The Director of Public Prosecutions has today published his final guidelines for prosecuting cases involving communications sent via social media. This follows an earlier public consultation exercise on the interim guidelines, details of which were announced in my written statement to the House on the 19 December 2012, Official Report, column 101WS.
The final guidelines take account of comments received in the consultation and the experience of recent prosecutions. They have been amended to clarify additional evidential and public interest considerations relevant when prosecutors assess whether a prosecution is required in accordance with the code for Crown prosecutors.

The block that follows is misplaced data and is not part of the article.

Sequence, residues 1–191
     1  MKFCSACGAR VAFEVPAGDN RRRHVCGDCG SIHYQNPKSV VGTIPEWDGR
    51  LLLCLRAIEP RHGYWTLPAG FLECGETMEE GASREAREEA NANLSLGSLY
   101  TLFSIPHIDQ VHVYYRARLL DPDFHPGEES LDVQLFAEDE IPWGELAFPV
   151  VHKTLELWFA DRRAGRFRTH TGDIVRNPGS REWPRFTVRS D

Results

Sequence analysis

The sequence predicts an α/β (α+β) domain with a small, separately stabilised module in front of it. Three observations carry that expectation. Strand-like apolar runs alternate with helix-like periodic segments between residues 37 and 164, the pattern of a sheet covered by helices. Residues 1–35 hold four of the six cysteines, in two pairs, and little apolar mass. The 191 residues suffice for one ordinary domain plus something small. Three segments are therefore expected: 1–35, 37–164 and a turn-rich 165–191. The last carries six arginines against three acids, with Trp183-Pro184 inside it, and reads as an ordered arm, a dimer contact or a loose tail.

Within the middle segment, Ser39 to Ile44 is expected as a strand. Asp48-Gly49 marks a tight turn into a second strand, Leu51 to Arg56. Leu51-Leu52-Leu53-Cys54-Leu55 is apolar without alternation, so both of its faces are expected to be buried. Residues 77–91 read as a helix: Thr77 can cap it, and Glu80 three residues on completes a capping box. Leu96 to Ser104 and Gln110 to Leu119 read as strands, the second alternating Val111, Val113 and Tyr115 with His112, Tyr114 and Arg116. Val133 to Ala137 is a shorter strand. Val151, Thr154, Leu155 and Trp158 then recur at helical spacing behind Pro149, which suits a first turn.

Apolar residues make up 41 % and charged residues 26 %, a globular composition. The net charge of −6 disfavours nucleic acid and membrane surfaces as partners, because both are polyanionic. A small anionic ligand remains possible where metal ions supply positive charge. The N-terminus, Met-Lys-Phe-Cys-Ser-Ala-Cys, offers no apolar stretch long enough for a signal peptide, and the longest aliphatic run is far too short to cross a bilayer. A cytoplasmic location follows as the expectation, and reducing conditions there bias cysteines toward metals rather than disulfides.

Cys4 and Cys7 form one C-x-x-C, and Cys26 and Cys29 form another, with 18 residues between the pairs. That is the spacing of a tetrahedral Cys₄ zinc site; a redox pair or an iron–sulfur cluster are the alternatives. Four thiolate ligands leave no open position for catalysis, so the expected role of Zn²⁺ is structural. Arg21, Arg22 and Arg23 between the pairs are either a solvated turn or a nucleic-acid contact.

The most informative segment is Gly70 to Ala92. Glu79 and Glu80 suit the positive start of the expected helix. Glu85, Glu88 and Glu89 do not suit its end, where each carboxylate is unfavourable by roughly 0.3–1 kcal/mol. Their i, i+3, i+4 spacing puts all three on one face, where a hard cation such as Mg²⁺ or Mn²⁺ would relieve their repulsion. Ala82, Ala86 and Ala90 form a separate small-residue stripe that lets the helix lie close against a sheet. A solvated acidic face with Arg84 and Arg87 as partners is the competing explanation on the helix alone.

The overall approach of the guidelines remains the same, making a clear distinction between communications which amount to credible threats of violence, a targeted campaign of harassment or breach of court orders on the one hand, and other communications—for example, grossly offensive communications—on the other. The first group will be prosecuted robustly. Whereas cases in the second group, which meet the evidential stage, are unlikely to require a prosecution in the public interest if the sender expresses genuine remorse, the communication is swiftly removed, it is not intended for a wide audience or does not obviously go beyond what could conceivably be acceptable in a diverse society which upholds and respects freedom of expression.
Copies of the final guidelines have been placed in the Libraries of both Houses.